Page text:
Tag Archives | install

How To Install Low Voltage Outdoor Lighting In No Time

Outdoor lighting gives you the opportunity to totally transform the look of your house after daylight as well as increase its safety. Much more aesthetically pleasing than those harsh and obtrusive floodlights, this guide will show you how to install low voltage outdoor lighting quickly and easily.

low voltage lighting

The Transformer: Step 1

low voltage transformer First, select your transformer. Low voltage lighting is easier and safer to work with than interior lighting because the transformer lowers the standard 120-volt wattage to a harmless 12 volts. Choose a transformer that allows you to connect several cables. Mount it either on a stake or on the outside of your home, making sure that it is no less than one foot above the ground and no more than one foot away from your ground-fault circuit-interrupter outlet. Some contain photocells that require exposure to direct sunlight. Make sure it is turned off while you install it. You may also want to add a waterproof covering to the outlet for additional weather-proofing.

Lighting Ideas: How To Install Low Voltage Lighting Step 2

low voltage light fixtures Next, plan the design of your lighting. Do you want to optimally light landscaping and foliage? Do you just want to light a walkway for safety purposes? Do you have ponds or a pool that could benefit from some nighttime lighting? Create a comprehensive lighting plan that includes all lights for paths and their surrounding greenery, offset lighting for footpaths, tree-mounted spotlights for mimicking moonlight, and/or waterproof fixtures for aquatic purposes that you may need. Look into low voltage outdoor lighting kits for hassle-free pre-selected packages and supplies.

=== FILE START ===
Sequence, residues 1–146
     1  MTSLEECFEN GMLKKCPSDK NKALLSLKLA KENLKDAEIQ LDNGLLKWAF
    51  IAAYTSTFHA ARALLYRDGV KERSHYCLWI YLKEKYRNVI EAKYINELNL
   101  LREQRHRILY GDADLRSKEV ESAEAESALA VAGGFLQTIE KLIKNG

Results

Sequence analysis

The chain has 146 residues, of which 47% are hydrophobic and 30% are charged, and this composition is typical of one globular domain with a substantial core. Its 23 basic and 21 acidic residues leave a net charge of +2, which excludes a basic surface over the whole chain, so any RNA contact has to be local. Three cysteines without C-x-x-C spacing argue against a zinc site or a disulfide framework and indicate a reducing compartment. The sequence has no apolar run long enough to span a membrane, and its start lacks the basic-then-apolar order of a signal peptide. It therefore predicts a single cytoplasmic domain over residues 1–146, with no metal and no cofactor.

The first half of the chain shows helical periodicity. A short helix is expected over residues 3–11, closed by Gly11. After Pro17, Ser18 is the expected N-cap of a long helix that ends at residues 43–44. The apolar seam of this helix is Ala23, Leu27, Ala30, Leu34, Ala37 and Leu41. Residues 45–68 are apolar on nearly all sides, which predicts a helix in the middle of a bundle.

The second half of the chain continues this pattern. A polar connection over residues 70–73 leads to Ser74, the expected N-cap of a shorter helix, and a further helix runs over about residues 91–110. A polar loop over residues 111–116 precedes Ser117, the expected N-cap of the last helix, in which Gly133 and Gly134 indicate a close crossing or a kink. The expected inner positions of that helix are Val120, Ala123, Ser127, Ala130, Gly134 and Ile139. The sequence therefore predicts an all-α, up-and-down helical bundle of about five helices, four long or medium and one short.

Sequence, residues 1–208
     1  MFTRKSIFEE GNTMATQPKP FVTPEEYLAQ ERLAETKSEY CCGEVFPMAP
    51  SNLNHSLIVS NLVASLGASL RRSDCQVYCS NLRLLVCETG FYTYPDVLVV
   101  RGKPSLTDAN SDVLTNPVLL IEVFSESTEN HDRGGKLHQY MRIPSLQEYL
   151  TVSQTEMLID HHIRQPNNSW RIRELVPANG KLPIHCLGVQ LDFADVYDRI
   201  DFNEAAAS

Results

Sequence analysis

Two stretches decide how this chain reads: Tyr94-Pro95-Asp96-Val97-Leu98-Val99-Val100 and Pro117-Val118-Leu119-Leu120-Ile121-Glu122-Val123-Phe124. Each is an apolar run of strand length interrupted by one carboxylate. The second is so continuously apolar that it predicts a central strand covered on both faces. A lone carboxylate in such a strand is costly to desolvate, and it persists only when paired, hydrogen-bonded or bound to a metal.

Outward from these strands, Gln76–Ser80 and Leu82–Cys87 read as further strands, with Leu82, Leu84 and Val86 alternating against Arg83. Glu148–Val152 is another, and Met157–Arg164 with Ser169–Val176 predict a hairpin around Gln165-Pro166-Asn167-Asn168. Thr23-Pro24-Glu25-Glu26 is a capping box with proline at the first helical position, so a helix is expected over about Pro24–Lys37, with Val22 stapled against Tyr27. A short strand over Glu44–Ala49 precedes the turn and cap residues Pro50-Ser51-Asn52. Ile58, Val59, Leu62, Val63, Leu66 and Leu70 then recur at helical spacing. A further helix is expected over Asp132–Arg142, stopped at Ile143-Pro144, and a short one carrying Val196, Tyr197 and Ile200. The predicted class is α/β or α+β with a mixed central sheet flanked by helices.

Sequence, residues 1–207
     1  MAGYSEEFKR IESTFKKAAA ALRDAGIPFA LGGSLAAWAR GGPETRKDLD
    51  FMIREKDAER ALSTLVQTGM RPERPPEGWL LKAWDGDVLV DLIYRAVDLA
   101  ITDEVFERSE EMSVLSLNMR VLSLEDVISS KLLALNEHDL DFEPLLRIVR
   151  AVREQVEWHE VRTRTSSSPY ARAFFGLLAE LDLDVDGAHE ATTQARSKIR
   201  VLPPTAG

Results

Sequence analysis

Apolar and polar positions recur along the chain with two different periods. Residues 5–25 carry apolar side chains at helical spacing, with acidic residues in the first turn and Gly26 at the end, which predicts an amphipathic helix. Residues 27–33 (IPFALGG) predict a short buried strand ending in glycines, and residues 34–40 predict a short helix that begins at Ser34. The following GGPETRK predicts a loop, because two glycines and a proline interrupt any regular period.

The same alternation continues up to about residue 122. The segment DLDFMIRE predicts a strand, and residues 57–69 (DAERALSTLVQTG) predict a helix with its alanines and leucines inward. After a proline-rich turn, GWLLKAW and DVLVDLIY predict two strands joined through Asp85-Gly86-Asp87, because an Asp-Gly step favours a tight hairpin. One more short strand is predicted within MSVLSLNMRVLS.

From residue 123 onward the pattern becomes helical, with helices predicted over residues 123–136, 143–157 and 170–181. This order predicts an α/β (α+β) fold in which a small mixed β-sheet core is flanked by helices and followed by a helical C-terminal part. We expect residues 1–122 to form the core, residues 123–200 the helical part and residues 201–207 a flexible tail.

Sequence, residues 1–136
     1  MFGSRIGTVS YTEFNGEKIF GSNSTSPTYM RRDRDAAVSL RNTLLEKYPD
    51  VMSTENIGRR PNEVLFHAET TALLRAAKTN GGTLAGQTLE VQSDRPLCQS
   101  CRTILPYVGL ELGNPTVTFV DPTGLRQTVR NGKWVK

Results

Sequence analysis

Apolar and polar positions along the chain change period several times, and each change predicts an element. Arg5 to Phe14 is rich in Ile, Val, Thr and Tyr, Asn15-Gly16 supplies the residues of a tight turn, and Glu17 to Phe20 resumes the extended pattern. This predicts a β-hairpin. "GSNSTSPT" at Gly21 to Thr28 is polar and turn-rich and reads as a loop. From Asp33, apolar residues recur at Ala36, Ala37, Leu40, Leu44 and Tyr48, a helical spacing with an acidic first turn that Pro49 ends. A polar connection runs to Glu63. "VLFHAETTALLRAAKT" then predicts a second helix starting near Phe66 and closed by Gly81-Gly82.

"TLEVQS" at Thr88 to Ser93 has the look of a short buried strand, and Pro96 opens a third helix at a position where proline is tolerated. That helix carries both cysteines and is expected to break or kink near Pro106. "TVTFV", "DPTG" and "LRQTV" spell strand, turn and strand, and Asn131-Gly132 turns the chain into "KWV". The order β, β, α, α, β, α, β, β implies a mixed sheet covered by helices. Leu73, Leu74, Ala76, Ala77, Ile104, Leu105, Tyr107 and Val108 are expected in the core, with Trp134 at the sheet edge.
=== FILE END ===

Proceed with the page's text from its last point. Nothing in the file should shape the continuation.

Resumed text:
For some ideas on what low voltage outdoor lights to use have a look at our related posts:

Wiring Up Your Low Voltage Outdoor Lighting Parts

The fixtures you buy will have instructions included that will tell you the proper gauge of cable to use. Layout your light fixtures beginning with the farthest away from the transformer and work your way towards it. Once you have placed all your fixtures, leaving about eight to ten inches between each source, and laid out the wiring you can connect the wires to the transformer. Remove about three quarters of an inch of insulation from the cables and insert the exposed wires underneath the terminal screws located at the bottom of your transformer.

Burying The Wires and Connecting To The Light Fixtures

Now you can bury the cables in a shallow trench (it only needs to be about three to six inches deep). Be sure to leave some slack and a small amount of cable sticking up out of the dirt at each juncture so that you can easily link the fixtures. Attach all lights and cables according to manufacturer specifications. Turn on the transformer to ensure everything is in working order. It is best to check the functioning at night to determine if everything is to your liking. Then, push all those visible cable connectors about two inches into the soil.

So there you have it, a basic guide on installing low voltage landscape lighting.